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July 2, 2013 8:51 AM   Subscribe

Asking for my sister: "Accidentally left the fridge door a crack open last night. Inside was a pound of ground lamb. When discovered this morning, a thermometer registered the meat at 50 degrees. Is the meat ruined, or still within temperature limits?"
posted by deezil to Food & Drink (16 answers total)
 
Per US Dept. of Ag., you should pitch it:
http://dwb.unl.edu/Teacher/NSF/C10/C10Links/www.fsis.usda.gov/oa/pubs/storage.htm
posted by LittleMy at 8:55 AM on July 2, 2013


That's still pretty cool (10C). I'd eat it with no qualms at all.
posted by pipeski at 8:56 AM on July 2, 2013 [1 favorite]


When I took my food safety course, the rule was that perishables such as meat could spend no more than 4 hours in the "danger zone" of between 40 and 140 degrees after having been cooked.

Personally, I'm generally on the "go ahead and eat it" side of things, but in this case I'd advise you to throw it out.

If it were me, I'd probably give it a thorough examination & sniff test first, but I don't advise you to do that.
posted by gauche at 8:58 AM on July 2, 2013 [1 favorite]


I would eat it.
posted by phunniemee at 8:58 AM on July 2, 2013


Ground? Toss.
posted by oceanjesse at 9:02 AM on July 2, 2013 [4 favorites]


If it was a chunk of raw meat I'd say it's fine but ground meat? Hell no. Too much surface for bacteria to grow at that temperature.
posted by joan_holloway at 9:04 AM on July 2, 2013 [4 favorites]


For me, the tipping factor would be that it is ground meat rather than a whole cut. With a whole cut you're searing the outside and killing most or all of the bacteria, so I'd probably keep it and just be more vigilant than usual about cross-contamination (especially with things like tongs that would be used to flip the raw meat on the grill and again to transfer the fully-cooked meat to plates). However if it's ground, any potential bacteria and now bacterial overgrowth are going to be distributed throughout the meat. I probably wouldn't risk it, and I tend to be a little bit lax compared with say the USDA guidelines.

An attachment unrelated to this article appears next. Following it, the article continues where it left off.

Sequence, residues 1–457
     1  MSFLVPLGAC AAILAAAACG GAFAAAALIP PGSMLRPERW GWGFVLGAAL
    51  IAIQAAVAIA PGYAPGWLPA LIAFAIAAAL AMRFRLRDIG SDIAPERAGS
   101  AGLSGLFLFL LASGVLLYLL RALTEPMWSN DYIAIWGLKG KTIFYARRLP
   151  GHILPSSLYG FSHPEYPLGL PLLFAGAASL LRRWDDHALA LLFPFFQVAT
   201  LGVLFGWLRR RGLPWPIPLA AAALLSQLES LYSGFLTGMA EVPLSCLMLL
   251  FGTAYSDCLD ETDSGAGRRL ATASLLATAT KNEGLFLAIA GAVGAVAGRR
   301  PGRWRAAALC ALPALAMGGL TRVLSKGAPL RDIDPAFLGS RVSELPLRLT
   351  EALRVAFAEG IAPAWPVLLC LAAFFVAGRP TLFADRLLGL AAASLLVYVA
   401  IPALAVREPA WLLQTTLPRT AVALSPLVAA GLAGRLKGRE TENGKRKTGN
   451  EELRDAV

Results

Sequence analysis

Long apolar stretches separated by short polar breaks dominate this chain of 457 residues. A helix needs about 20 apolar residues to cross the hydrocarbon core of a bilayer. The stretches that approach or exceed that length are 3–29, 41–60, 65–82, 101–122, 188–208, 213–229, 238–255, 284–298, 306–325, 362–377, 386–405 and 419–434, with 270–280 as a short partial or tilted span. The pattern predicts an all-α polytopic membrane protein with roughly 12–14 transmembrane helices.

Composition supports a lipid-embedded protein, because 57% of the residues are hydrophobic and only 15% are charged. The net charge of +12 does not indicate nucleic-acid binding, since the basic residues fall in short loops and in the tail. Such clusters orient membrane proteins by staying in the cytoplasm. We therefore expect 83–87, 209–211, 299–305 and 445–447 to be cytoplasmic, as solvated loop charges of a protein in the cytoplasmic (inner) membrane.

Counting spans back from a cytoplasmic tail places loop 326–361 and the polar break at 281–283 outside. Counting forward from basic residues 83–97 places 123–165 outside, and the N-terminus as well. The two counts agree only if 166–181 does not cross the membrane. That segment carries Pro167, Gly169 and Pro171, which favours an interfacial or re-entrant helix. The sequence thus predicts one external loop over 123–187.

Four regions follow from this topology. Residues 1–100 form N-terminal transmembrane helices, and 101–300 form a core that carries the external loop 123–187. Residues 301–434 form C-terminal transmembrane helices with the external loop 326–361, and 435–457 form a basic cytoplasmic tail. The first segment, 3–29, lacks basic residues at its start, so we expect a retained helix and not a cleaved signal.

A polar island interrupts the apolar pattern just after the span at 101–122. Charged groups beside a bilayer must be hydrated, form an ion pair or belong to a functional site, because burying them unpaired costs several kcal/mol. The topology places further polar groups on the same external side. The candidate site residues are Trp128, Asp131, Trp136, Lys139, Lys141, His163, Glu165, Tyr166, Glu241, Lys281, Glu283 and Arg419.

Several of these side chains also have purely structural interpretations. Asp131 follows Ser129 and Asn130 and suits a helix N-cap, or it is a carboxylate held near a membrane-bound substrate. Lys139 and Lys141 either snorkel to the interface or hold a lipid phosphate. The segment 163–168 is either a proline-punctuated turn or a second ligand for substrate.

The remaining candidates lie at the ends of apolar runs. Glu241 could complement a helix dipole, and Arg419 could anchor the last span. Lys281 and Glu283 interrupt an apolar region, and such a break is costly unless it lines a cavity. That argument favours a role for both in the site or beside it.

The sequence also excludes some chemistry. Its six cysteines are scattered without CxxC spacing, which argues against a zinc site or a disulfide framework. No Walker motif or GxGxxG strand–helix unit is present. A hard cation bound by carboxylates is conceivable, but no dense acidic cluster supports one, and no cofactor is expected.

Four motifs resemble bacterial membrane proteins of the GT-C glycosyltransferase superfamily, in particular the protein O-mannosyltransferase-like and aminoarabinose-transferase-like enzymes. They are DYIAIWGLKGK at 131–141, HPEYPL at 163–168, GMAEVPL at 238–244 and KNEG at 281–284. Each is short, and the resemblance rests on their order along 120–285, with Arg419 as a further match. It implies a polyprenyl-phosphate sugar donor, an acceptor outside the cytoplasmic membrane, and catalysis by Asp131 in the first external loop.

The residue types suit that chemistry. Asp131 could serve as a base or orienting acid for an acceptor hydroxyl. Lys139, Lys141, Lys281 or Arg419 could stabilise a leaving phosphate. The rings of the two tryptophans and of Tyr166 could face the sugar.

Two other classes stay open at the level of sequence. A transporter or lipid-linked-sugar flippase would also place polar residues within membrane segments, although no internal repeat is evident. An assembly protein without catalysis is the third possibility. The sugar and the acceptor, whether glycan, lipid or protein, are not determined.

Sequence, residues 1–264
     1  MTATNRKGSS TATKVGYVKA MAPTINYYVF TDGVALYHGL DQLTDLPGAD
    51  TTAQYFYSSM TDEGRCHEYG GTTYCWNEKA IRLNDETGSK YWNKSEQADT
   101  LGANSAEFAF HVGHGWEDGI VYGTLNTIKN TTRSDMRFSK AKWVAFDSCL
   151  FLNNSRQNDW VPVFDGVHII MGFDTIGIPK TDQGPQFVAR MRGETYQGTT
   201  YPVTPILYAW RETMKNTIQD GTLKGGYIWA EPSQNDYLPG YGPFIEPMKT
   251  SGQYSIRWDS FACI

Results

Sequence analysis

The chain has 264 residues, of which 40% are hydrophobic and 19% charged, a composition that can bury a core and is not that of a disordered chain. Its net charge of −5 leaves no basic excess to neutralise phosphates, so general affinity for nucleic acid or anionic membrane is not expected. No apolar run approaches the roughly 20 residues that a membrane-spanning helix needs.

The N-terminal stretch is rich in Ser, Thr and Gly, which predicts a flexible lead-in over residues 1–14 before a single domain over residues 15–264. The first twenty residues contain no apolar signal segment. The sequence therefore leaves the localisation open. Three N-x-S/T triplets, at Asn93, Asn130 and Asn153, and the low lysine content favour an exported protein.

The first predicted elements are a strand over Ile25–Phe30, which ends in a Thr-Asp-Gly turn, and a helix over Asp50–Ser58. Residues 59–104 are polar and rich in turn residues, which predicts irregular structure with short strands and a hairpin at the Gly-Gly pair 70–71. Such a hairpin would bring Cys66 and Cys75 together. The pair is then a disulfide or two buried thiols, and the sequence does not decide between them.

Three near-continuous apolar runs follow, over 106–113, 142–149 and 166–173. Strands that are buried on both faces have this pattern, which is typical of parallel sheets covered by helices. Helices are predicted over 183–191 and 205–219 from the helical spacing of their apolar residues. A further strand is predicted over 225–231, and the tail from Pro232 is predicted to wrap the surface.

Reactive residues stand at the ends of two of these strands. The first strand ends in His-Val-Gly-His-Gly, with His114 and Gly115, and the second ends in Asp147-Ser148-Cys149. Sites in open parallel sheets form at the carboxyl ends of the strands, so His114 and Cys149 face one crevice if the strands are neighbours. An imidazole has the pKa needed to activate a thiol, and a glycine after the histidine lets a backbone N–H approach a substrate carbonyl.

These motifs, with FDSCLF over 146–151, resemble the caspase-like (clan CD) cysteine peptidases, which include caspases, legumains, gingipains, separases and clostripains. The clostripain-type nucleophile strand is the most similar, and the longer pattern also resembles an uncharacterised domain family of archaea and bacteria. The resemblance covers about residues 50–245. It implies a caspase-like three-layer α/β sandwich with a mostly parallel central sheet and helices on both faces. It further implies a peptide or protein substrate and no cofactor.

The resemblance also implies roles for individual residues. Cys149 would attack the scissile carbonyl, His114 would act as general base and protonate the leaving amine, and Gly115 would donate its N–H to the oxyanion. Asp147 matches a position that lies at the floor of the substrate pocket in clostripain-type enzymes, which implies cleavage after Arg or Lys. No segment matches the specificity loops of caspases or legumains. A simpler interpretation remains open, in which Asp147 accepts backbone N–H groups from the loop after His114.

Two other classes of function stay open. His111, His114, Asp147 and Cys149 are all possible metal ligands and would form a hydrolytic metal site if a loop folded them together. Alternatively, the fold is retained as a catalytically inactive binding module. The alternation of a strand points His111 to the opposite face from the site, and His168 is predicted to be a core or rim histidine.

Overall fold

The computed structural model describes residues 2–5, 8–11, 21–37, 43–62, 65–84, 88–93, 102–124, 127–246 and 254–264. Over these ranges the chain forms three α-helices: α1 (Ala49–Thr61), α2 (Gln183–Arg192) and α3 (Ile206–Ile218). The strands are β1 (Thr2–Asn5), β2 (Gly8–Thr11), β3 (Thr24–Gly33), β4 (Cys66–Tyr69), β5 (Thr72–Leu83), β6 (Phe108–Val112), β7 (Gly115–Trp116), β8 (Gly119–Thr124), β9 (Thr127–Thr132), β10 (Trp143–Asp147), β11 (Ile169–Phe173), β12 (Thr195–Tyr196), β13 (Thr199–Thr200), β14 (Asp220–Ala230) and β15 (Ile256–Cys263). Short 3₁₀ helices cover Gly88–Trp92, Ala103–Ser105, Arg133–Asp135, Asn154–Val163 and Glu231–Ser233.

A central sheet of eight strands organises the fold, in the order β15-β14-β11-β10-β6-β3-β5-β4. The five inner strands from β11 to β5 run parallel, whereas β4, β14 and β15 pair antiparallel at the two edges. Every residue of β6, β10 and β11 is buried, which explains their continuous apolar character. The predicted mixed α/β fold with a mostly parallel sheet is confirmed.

posted by iminurmefi at 9:06 AM on July 2, 2013


You have no way of knowing how long the meat stayed at an internal temperature of 40-50 degrees. Plus, the guidelines are for how long the ENVIRONMENT around the meat stays above 40 degrees. There's an excellent chance that the fridge was at 40 degrees or more for close enough to 4 hours (my small fridge can go above 40 with the door wide open for a couple of minutes), so pitch it.

As others have mentioned, ground meats (and fish) are not something to play the odds on. A pound of lamb is cheap. Toss it.
posted by maudlin at 9:06 AM on July 2, 2013


Cooked? You maybe want to toss it out. Uncooked, you should be okay, as long as you cook to the appropriate temperature.
posted by nikkorizz at 9:09 AM on July 2, 2013


She was watching the thread for replies, and toss was the decision. Thanks for that link LittleMy. Her (and I) will both be bookmarking it.
posted by deezil at 9:11 AM on July 2, 2013


Note that the USDA says that ground meat is only safe in a refrigerator for one or two days anyway, and that's if the temperature is consistently below 40°F. Ground meat is highly perishable — you'll note from the above link that it's in the same "perishability" category as raw seafood. I would toss it.
posted by Johnny Assay at 9:12 AM on July 2, 2013


Toss it.
posted by Blasdelb at 9:21 AM on July 2, 2013


Cook it well done, like in a meat loaf. It's fine.
posted by beagle at 9:40 AM on July 2, 2013


Cooked? You maybe want to toss it out. Uncooked, you should be okay, as long as you cook to the appropriate temperature.

Surely this should be the reverse? However, even if that was the intent of the comment, cooked or uncooked, meat left out at room temperature (40-50 degrees) overnight should not be eaten.
posted by KokuRyu at 10:23 AM on July 2, 2013 [1 favorite]


"Cook it well done, like in a meat loaf. It's fine."

The concern isn't just that there might be bacteria left alive after cooking, which would be excessively addressed by cooking the meat like a meatloaf. Indeed, even if the bacteria present in just about all meat die in later cooking, which here had plenty of time to grow to high concentrations in the danger zone (between 46 and 146 degrees Fahrenheit), heat resistent spore forming organisms will not necessarily, and the growth of heat sensitive bacteria will still produce all kinds of toxic primary and secondary metabolites as well as cell components that your immune system will freak out over in very unpleasant ways.

This is not worth fucking with.
posted by Blasdelb at 10:43 AM on July 2, 2013 [1 favorite]


I'd probably eat it if it smelled fine, but I would eat it right away. Whatever little bacterial problems might've gotten started overnight, I would not give them time to compound themselves.
posted by jon1270 at 12:33 PM on July 2, 2013


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